November 1, 2014Fall 2014 Governor’s Chair Seminar Series Recap
The Governor’s Chair for Energy and Urbanism is a special partnership between the University of Tennessee, the Oak Ridge National Laboratory, and Skidmore, Owings, and Merrill.
More than a single individual, the Governor’s Chair is a dynamic team of experts forming a research partnership among many designers at SOM who specialize in sustainable urbanism and high-performance buildings. The College of Architecture and Design welcomed several of these experts as part of its inaugural Governor’s Chair Seminar Series.
The following lectures transpired throughout the initial months of this exciting effort, the Fall 2014 semester:
August 21, 2014 | Philip Enquist, partner in charge of urban design and planning and leader of the City Design Practice at Skidmore, Owings and Merrill, has been named the sixteenth UT-Oak Ridge National Laboratory Governor’s Chair. SOM is one of the world’s leading urban planning, architecture and engineering firms.
Enquist and a select research team will serve as Governor’s Chair for High Performance Energy Practices in Urban Environments and will be affiliated with and administer projects through the UT College of Architecture and Design. At this presentation, Enquist presented “What Can We Do Together? An Introduction to the Governor’s Chair for Energy and Urbanism”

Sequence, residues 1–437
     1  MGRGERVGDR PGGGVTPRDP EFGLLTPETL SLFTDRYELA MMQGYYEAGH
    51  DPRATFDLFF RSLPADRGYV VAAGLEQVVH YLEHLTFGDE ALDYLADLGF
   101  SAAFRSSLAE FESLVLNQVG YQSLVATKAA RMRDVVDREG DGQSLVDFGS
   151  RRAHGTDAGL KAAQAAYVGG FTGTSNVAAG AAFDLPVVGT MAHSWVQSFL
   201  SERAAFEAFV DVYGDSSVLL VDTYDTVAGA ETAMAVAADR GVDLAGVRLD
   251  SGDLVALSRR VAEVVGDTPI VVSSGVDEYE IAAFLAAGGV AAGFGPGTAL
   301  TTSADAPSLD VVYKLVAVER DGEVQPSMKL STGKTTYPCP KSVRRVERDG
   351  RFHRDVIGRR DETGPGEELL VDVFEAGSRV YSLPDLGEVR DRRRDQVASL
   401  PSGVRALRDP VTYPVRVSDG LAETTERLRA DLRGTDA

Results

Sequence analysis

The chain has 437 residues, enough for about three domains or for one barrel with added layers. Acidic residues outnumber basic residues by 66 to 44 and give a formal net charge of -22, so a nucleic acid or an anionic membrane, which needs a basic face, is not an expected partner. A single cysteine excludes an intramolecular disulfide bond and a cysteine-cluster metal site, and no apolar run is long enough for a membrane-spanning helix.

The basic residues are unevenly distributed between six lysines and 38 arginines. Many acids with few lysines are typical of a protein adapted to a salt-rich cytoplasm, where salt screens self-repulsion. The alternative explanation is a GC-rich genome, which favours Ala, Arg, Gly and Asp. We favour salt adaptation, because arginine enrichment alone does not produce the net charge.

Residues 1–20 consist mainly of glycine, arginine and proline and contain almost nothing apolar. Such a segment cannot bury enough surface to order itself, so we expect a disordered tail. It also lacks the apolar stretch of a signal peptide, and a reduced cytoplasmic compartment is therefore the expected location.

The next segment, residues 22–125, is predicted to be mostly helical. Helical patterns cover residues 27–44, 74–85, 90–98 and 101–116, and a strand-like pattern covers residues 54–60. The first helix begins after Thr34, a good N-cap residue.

September 18, 2014 | Keith Boswell, Technical Director of SOM, presented about about research and design process. Boswell, an alumnus (B.Arch ’81), is presently co-teaching the Governor’s Chair Studio with James Rose. In his presentation, “High Performance Design: Concept through Execution,” Boswell discussed how research plays into executing design. Boswell is responsible for producing some of the most advanced and innovative facade systems in contemporary practice, including pioneering glazing systems across the world.
October 23, 2014 | Douglas Voigt, SOM Director of Urban Design and Planning, provided the lecture, “The Human Footprint.” Voigt is focused on a variety of urban design and transportation issues and has worked on a number of complex, downtown mixed-use projects, new city designs and large-scale architectural efforts. His work embodies a holistic approach to energy and urbanism and is inspired by the belief that dramatic economic and environmental benefits will come through the necessary transition from carbon-based power generation to renewable sources.
Voigt will present case studies from SOM’s global City Design Practice on sustainable models for high-performance infrastructure and livable communities.